- Allow yourself to feel the pain, rather than trying to escape it. Being vulnerable, emotionally, can feel very strange and uneasy for you, but dealing with your pain and emotions now will only help you in the long run.
- Some days you may feel happy and some days you may feel sad, whatever you’re feeling is ok. Don’t lie to yourself and pretend to feel something you’re not. No one is judging you, and you shouldn’t either.
- It’s ok to say no without having to explain why.
- Give yourself permission to alter or completely do away with your traditions. I had to alter our Christmas tradition a little after getting divorced. It felt strange the first year, but now I get so excited about the new memories my children and I are making.
You will get through it:
The holidays can be extremely tough and challenging, but you will get through it. You will find yourself becoming stronger and able to get back into the swing of things overtime. Grief, at times, will consume us and blind us to what is going on around us. However, there is light at the end of the tunnel.
We may not be able to physically see our loved one(s), but we can see a little bit clearer through the windshield of our tears as the days, months, and years go on.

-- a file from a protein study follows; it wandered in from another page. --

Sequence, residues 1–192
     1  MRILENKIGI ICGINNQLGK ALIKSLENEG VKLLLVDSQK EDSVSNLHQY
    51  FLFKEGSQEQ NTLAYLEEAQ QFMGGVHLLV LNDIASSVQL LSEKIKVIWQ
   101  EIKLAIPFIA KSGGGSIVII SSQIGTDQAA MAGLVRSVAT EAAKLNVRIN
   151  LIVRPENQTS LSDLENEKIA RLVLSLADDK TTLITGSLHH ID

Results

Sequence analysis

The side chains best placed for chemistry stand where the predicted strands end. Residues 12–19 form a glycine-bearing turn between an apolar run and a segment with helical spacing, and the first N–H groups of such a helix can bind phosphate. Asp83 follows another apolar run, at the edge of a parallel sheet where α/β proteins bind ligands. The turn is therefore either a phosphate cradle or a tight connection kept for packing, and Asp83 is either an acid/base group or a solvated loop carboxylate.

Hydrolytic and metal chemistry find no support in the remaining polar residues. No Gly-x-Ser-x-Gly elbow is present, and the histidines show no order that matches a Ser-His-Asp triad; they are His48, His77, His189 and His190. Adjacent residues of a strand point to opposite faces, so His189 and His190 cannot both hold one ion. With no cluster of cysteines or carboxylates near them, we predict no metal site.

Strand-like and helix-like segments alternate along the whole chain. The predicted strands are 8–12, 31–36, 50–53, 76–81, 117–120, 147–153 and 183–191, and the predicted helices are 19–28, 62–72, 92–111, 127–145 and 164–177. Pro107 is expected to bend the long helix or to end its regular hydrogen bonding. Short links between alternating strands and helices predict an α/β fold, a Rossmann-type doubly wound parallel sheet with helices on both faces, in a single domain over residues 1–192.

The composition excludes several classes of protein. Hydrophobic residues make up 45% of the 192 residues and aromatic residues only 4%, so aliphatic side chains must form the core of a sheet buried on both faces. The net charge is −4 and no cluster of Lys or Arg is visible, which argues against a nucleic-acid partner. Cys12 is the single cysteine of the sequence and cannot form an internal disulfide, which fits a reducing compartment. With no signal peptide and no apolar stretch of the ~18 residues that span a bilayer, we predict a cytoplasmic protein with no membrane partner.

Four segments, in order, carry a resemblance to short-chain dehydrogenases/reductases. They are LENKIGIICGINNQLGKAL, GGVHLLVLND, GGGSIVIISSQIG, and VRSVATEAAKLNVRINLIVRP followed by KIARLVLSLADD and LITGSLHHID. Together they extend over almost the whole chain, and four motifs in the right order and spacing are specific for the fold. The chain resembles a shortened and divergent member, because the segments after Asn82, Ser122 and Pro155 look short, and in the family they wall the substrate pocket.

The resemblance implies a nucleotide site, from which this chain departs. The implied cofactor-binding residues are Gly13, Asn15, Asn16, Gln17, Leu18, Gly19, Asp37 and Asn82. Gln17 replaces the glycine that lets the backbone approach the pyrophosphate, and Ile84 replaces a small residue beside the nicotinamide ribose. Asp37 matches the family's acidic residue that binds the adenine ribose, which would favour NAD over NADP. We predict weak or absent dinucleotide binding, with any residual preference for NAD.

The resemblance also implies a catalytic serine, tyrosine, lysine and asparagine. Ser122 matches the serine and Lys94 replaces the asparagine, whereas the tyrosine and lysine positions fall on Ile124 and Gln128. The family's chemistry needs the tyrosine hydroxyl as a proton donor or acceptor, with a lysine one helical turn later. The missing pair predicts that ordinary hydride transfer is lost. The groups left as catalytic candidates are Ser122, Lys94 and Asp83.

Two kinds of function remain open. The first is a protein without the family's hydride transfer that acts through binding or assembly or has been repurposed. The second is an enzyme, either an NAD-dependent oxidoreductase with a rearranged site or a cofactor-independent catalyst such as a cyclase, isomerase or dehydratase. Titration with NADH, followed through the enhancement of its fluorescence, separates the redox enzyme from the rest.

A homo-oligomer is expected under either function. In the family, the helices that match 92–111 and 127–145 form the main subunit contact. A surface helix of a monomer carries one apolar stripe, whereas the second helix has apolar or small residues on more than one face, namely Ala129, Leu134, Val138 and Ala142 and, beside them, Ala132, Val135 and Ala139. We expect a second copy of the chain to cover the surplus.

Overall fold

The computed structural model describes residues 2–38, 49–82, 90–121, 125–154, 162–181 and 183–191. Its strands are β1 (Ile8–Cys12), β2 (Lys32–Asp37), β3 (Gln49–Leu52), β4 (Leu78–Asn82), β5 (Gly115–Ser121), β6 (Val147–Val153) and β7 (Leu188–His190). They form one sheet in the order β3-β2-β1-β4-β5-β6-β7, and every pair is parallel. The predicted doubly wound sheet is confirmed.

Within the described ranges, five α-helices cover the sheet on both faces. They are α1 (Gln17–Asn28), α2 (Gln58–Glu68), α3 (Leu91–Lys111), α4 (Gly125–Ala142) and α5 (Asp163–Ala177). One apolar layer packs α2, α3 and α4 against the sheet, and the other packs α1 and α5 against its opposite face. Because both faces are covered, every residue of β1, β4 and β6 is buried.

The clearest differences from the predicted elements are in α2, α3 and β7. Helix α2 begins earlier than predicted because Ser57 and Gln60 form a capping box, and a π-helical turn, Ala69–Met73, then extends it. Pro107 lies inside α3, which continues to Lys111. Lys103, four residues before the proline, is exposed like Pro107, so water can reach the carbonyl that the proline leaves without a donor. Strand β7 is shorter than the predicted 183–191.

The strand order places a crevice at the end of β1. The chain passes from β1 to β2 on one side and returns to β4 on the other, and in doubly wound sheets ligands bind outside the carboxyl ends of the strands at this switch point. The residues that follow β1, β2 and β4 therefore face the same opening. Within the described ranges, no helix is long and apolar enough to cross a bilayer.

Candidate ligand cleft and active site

“Holiday season” usually refers to the holidays that take place during the fall and winter months. These months are generally a lot colder and darker. People tend to grieve harder because they are inside the house more. It’s important to find safe ways to periodically get outside of the house. If you haven’t read my post on how I deal with Seasonal Depression you can read it here.
You determine when you’re ready:
My last piece of encouragement is, if you’re not ready, don’t be. Take your time darling. This is your process. You don’t have to rush to the finish line, because once you think you’ve arrived, you realize a finish line doesn’t exist when it comes to grief.
Remember, you don’t have to carry everyone’s burden. You don’t even have to carry your own.
Psalm 55:22 says, “Our LORD, we belong to you. We tell you what worries us, and you won’t let us fall.”
Go ahead and fall at his feet, so he can safely catch you and carry you until you’re able to walk on your own again.
In love and grace,